The next drawing in our series dealing with the development of Mount Moriah and the Temple Mount shows what it would have looked like in the time of the later kings of Judah.
The first and original drawing showed what the mount looked like before anything was built on it. The next one showed Mount Moriah during the time of the Jebusites. This was followed by a drawing of Solomon’s Temple complex.
From the Hebrew Bible we know that Hezekiah (725–697 BC) was a good king, but he lived in difficult times. The Assyrians under Sennacherib had invaded the northern part of the country and many refugees had fled to Jerusalem and settled on the Western Hill of Jerusalem, as the Eastern Hill was already bursting at the seams.
Archaeology has given us a great insight into the kingship of Hezekiah, and has shown that he was one of the greatest builders Jerusalem has ever seen. In the Jewish Quarter of the Old City of Jerusalem one can visit the Broad Wall (mentioned later on in Nehemiah 12.38) that was built by Hezekiah to protect the new settlement. The excavations have shown that some houses had been dismantled to make room for this massive 7m (23ft) wide wall that encircled the Western Hill. This building work is mentioned in Isaiah 22.10, “you counted the houses of Jerusalem, and you broke down the houses to fortify the wall.”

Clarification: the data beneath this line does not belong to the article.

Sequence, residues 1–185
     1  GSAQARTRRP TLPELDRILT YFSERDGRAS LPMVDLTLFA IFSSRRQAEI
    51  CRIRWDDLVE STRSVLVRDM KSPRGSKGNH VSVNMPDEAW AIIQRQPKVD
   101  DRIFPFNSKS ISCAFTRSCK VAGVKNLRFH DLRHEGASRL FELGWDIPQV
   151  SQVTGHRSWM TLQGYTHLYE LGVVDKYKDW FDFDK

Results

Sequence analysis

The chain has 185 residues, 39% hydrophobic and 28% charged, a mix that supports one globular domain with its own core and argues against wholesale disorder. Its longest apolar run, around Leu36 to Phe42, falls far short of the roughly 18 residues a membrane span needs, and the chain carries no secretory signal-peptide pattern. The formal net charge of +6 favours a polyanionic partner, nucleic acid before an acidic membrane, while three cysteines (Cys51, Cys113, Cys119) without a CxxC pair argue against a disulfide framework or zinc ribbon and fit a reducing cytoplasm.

Another great work mentioned in Isa. 22.11 is the construction of Hezekiah’s Tunnel. Hezekiah diverted the waters from the Gihon Spring and “sent” them through an underground tunnel to the Siloam Pool (Siloam – shiloah in Hebrew – means “sent”). One of the most exciting experiences one can have in Jerusalem is to walk through this ancient tunnel.
Hezekiah also embarked on a major rebuilding program of the Temple, as reflected in the second and later account of the Temple construction in 2 Chronicles 3–4. We believe that this text describes a virtually new and much larger Temple built by Hezekiah.
In this passage, the two columns of the Porch are described as being 35 cubits high in contrast to a height of 18 cubits mentioned in 1 Kings 7. Instead of the three-story-high wooden construction that was built around Solomon’s Temple, there is now an Upper Chamber above the original sanctuary. Other differences between the two descriptions show that Hezekiah not only rebuilt Solomon’s Temple, but also redesigned it. Nevertheless, this Temple is still referred to as the First Temple that was destroyed by the Babylonians in 586 BC.
har habbayit. This measurement of 500 cubits has been preserved in the text of Mishnah Middot 2.1: “The Temple Mount (har habbayit) measured five hundred cubits by five hundred cubits.”